1917: Christmas Comforts
This rather poignant circular was sent to Scottish Widows’ branch managers in December 1917. By then the war that was supposed to have been ‘over by Christmas’, had been raging for more than three years. Three-quarters of Widows’ staff of military age were engaged on active service at this point, many serving abroad. Among them were Harry Young and Robert Logan.
As a gesture of support, Head Office proposed that a small Christmas gift be sent to these absent colleagues – to consist of ‘woollen comforts’ and cigarettes ‘if these can be obtained’. No doubt they would have been warmly welcomed – particularly the tobacco. Supplies had become increasingly difficult to come by as the war dragged on. There were reports of some soldiers smoking their tea rations.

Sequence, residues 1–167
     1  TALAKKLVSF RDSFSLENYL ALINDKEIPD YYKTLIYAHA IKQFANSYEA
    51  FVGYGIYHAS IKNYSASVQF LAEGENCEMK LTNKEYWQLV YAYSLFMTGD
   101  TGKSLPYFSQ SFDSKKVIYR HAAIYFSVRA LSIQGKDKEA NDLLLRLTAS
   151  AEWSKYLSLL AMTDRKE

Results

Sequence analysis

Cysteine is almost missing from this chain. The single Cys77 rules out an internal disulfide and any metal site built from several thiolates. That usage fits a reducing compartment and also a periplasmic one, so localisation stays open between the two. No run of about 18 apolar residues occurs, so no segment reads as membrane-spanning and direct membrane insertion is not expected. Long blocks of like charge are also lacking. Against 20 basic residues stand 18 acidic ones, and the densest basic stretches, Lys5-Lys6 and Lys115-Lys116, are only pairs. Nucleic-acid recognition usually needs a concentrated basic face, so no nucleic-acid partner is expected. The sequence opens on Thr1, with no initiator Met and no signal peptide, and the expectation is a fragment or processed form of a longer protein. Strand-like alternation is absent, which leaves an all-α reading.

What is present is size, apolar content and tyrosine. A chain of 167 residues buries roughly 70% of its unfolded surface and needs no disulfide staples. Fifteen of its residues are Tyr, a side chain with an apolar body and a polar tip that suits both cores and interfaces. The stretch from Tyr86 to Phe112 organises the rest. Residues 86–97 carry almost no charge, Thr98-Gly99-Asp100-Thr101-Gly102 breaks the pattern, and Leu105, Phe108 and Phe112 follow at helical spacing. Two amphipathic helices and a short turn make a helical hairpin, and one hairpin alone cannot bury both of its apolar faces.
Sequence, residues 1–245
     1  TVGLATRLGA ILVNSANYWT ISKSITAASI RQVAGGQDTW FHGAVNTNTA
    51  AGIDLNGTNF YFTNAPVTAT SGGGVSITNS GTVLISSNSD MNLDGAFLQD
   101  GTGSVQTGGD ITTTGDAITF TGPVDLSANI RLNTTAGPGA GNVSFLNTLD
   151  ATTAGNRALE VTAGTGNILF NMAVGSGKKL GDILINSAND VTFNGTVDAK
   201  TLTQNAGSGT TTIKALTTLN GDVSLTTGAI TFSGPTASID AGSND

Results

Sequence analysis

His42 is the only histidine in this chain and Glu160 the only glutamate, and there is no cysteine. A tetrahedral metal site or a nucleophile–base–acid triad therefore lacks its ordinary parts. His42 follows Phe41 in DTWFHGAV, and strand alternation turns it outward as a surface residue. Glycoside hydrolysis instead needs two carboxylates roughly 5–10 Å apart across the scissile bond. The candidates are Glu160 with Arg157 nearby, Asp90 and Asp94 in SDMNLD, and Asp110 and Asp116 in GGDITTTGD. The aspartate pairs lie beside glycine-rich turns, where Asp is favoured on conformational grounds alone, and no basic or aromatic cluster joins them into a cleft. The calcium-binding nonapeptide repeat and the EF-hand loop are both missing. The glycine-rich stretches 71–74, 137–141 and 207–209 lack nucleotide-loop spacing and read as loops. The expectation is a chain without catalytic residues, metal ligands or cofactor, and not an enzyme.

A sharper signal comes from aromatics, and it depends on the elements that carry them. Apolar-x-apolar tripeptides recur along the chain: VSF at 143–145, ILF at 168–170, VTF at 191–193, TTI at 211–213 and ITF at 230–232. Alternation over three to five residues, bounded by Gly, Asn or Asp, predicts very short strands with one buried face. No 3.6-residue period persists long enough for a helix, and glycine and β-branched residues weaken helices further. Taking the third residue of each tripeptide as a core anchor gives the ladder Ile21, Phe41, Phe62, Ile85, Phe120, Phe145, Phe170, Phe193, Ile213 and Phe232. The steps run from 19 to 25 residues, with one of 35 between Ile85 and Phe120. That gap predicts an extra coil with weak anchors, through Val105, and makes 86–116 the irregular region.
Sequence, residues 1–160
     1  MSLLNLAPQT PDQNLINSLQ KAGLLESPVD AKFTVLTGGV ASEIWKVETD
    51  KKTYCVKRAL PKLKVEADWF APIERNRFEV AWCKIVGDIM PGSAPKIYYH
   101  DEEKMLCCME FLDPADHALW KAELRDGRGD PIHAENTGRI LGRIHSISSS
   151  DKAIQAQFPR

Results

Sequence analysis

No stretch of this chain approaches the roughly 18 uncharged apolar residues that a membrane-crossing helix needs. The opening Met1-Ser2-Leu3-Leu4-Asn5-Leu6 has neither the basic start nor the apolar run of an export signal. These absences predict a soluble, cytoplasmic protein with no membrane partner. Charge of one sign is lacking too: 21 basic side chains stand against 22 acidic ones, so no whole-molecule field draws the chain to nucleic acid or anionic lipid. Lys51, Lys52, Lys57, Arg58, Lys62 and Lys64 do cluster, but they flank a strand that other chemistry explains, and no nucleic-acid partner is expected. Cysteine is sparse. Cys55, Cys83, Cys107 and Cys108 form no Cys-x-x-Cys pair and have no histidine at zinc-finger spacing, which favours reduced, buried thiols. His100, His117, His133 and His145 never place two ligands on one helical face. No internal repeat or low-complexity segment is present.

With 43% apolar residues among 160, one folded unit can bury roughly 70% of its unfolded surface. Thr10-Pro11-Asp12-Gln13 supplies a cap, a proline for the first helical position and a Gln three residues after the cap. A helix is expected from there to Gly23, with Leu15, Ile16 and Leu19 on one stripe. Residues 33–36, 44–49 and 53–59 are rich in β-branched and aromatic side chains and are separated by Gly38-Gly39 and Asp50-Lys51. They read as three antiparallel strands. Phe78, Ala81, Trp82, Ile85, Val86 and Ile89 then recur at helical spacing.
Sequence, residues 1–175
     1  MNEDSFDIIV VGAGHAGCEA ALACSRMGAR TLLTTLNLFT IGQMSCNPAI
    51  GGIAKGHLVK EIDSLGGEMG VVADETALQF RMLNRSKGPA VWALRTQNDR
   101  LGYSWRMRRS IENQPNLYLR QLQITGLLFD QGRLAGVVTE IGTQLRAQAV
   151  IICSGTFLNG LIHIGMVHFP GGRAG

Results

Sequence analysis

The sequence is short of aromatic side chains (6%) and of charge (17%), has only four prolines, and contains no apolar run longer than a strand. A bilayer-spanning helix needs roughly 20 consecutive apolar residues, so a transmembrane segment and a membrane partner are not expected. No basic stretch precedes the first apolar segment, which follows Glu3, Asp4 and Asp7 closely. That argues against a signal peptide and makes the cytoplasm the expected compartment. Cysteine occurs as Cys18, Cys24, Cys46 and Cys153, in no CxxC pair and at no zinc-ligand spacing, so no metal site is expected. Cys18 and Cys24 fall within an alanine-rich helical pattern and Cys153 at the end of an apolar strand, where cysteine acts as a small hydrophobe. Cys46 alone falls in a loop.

More than a hundred Scottish Widows’ men served during the war. Twenty-three did not return.
You can find out more about the impact of the First World War on Scottish Widows and the other constituents of Lloyds Banking Group in our online exhibition.
Or return to This Month in History to see more featured events from the Group’s history.